Blank Generation On DVD

Published on March 30th, 2010 in: Culture Shock, DVD, DVD/Blu-Ray Reviews, Movie Reviews, Movies, Music, Reviews |

By Less Lee Moore

Richard Hell got me my first paying job in the music industry. Sort of.

blank generation cover

I’d pasted an old Star Hits photo of him and former wife Patty Smyth in a fanzine I did in the mid-90s. During a job interview for Monkey Hill Records in New Orleans, then-co-owner Jimmy Ford, zeroed in on the photo. “They met in rehab,” he chuckled, and pointed outside to an old behemoth that looked like something from a movie. “That’s Richard’s car in the driveway. We’re old friends.”

I’d had a strange fascination with Richard Hell ever since repeated viewings of Smithereens on USA’s Night Flight in the early ’80s. Then there was his “cameo” in Desperately Seeking Susan. I even got his autograph at a poetry reading at Café Brasil in New Orleans (before the Jimmy Ford interview, even).

Thus, I found the description of Blank Generation was intriguing:

“. . . the classic punk rock movie from 1980. . . illustrating the end of the first wave of New York City punk rock better than any documentary. Nada, a beautiful French journalist on assignment in New York, records the life and work of an up and coming punk rock star, Billy. Soon she enters into a volatile relationship with him and must decide whether to continue with it, or return to her lover, a fellow journalist trying to track down the elusive Andy Warhol (playing himself).”

Wow, I’d love to see a movie like that! Unfortunately, Blank Generation is not that movie. The music, by the acclaimed Eliot Goldenthal, is stunning; the cinematography by Ed Lachman, shows the burned out, sleazy New York you’ve heard about but never seen (unless you’re of a certain age); and the performances by Richard Hell and the Voidoids illustrate why they’re still spoken of in awed tones.

Even all that can’t save this mess of a film. There’s a whole lot of forced conflict; a practically non-existent story arc; awkward stabs at acting; a bizarre attempt to introduce a faux-Videodrome theme commenting on the false nature of the media (which fails miserably); and perhaps worst of all, many examples of why high-waisted jeans are a bad idea for men.

Richard Hell is gorgeous (high-waisted jeans aside) and the live performances are grand, but awkward lines like, “Who’d even want to feel like me? I don’t,” are truly cringe-worthy. The continuing saga of journalist Hoffritz (played by director Ulli Lommel) trying to schedule an interview with Andy Warhol (whose three minutes of screen time are awesome) is kind of hilarious, but completely destroys the dramatic tone that the movie tries to create in the first half.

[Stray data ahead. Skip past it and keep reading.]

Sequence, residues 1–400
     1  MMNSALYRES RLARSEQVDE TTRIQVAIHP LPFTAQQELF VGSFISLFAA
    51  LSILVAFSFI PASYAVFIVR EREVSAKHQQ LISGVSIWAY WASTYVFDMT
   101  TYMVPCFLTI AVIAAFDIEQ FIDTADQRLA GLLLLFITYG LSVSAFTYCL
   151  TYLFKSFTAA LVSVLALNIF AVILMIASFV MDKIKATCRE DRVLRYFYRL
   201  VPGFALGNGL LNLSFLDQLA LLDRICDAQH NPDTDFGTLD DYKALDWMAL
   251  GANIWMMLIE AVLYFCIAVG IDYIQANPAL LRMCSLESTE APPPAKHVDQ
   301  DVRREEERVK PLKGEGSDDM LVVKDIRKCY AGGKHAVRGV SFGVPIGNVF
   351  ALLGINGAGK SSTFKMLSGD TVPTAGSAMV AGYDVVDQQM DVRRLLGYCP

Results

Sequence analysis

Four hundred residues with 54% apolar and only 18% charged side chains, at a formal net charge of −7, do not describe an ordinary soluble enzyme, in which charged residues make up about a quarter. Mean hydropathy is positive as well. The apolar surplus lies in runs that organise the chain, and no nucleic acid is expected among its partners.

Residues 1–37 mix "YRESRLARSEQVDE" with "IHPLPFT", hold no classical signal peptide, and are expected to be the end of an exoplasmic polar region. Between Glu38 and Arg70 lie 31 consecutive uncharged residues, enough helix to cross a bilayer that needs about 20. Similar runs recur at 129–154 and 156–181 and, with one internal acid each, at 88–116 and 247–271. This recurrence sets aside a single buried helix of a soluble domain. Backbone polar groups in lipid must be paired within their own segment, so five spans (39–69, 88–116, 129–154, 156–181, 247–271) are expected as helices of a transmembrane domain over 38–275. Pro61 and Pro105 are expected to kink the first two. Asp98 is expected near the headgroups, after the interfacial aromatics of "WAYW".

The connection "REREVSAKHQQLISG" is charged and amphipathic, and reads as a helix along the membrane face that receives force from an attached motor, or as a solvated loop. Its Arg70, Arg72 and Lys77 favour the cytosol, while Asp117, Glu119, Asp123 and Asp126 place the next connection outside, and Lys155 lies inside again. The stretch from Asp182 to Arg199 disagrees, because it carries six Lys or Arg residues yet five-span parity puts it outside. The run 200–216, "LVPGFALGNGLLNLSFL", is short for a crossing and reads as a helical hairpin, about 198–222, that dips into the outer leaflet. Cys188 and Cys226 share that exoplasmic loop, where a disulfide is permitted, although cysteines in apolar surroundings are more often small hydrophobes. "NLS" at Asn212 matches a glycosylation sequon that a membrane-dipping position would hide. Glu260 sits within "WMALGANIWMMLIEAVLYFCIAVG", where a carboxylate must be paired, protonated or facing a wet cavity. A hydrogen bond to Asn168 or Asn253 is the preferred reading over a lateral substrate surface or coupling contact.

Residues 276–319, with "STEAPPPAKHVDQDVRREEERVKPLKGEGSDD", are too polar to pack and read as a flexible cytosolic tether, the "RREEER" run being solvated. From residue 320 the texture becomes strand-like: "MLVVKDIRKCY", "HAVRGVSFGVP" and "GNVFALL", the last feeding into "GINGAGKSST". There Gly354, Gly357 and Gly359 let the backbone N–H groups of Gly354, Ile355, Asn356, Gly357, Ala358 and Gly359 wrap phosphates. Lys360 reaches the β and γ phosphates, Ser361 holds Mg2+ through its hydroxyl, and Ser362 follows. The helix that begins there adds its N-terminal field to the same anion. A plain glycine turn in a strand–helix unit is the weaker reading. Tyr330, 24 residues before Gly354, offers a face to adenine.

The best line in the whole film is spoken by Hell: “We would’ve separated long ago except for the children,” he tells Hoffritz, who looks confused. “Me and Nada,” continues Hell, with a smirk on his face. Although this probably wasn’t even intentionally funny, it makes me wish that the whole movie had the same kind of ironic, satirical tone of a David Markey film. Now that would be something worth revisiting.

If you manage to sit through the whole thing (and honestly, if you like Richard Hell or Andy Warhol it is totally worth it), the real payoff comes in the bonus feature, a 40-minute interview with Richard Hell, conducted in 2009 by writer and critic Luc Sante.

Hell and Sante deconstruct—okay, they totally eviscerate—the film and Ulli Lommel. After a while you almost feel sorry for poor Lommel (that is, unless you are familiar with his oeuvre) except that he seems like a raging prick who brought it all on himself.

On the other hand, for being such a well-known and accomplished artist, Hell is extremely humble, albeit obviously intelligent and incisive, with a low key sense of humor and spot-on observations about what an “atrocious and profoundly worthless” exercise the film was and still remains. Trust me, every exasperated, embarrassed, annoyed feeling that you had watching Blank Generation is dissected and validated completely by Hell and Sante. It’s tempting to list all their hilarious comments, but it’s way more fun to suffer through the movie and then watch them for yourself, like a Mystery Science Theater 3000 episode for the new millennium.

Even though Blank Generation the movie is almost an abysmal failure, it’s well worth picking up this DVD.

Blank Generation was released by MVD Visual on February 23 and is available from See Of Sound and Amazon.

One Response to “Blank Generation On DVD”


  1. Popshifter » Destroy All Movies!!! The Complete Guide To Punks On Film:
    January 30th, 2011 at 9:54 pm

    […] I never have and still don’t understand), not to mention not nearly enough criticism for the practically abysmal Blank Generation (directed by Uli Lommel), a film which is only saved by the Richard Hell bonus […]

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